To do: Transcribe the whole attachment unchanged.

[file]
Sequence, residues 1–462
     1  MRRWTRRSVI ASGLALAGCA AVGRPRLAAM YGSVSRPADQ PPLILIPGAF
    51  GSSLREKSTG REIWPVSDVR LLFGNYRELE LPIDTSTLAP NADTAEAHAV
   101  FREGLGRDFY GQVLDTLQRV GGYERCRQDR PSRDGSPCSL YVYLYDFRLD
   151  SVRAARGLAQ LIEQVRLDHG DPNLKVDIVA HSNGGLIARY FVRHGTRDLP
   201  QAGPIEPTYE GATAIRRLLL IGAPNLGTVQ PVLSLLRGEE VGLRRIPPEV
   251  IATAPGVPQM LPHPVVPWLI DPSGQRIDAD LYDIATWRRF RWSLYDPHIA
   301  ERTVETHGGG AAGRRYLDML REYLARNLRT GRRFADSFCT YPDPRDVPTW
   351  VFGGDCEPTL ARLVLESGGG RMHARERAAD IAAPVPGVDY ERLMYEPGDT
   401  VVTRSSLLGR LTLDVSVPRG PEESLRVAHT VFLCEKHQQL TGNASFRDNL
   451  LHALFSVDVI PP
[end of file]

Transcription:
Sequence, residues 1–462
     1  MRRWTRRSVI ASGLALAGCA AVGRPRLAAM YGSVSRPADQ PPLILIPGAF
    51  GSSLREKSTG REIWPVSDVR LLFGNYRELE LPIDTSTLAP NADTAEAHAV
   101  FREGLGRDFY GQVLDTLQRV GGYERCRQDR PSRDGSPCSL YVYLYDFRLD
   151  SVRAARGLAQ LIEQVRLDHG DPNLKVDIVA HSNGGLIARY FVRHGTRDLP
   201  QAGPIEPTYE GATAIRRLLL IGAPNLGTVQ PVLSLLRGEE VGLRRIPPEV
   251  IATAPGVPQM LPHPVVPWLI DPSGQRIDAD LYDIATWRRF RWSLYDPHIA
   301  ERTVETHGGG AAGRRYLDML REYLARNLRT GRRFADSFCT YPDPRDVPTW
   351  VFGGDCEPTL ARLVLESGGG RMHARERAAD IAAPVPGVDY ERLMYEPGDT
   401  VVTRSSLLGR LTLDVSVPRG PEESLRVAHT VFLCEKHQQL TGNASFRDNL
   451  LHALFSVDVI PP